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The ability to understand others’ mental states carries profound consequences for mental and physical health, making efforts at validly and reliably assessing mental state understanding (MSU) of utmost importance. However, the most widely used and current NIMH-recommended task for assessing MSU – the Reading the Mind in the Eyes Task (RMET) – suffers from potential assessment issues, including reliance on a participant's vocabulary/intelligence and the use of culturally biased stimuli. Here, we evaluate the impact of demographic and sociocultural factors (age, gender, education, ethnicity, race) on the RMET and other social and non-social cognitive tasks in an effort to determine the extent to which the RMET may be unduly influenced by participant characteristics.
In total, 40 248 international, native-/primarily English-speaking participants between the ages of 10 and 70 completed one of five measures on TestMyBrain.org: RMET, a shortened version of RMET, a multiracial emotion identification task, an emotion discrimination task, and a non-social/non-verbal processing speed task (digit symbol matching).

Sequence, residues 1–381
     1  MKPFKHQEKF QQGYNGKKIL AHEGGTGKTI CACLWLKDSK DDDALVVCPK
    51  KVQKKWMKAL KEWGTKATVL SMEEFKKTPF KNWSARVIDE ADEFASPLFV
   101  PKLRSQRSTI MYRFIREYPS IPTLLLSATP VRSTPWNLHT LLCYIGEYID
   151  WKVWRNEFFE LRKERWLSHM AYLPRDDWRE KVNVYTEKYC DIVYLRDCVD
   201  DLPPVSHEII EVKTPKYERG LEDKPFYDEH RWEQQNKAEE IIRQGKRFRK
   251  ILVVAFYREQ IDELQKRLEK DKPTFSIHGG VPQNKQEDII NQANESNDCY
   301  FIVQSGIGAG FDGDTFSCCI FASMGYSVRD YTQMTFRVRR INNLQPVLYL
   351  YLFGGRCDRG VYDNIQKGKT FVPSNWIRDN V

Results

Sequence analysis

Contrary to other tasks, performance on the RMET increased across the lifespan. Education, race, and ethnicity explained more variance in RMET performance than the other tasks, and differences between levels of education, race, and ethnicity were more pronounced for the RMET than the other tasks such that more highly educated, non-Hispanic, and White/Caucasian individuals performed best.
These data suggest that the RMET may be unduly influenced by social class and culture, posing a serious challenge to assessing MSU in clinical populations given shared variance between social status and psychiatric illness.
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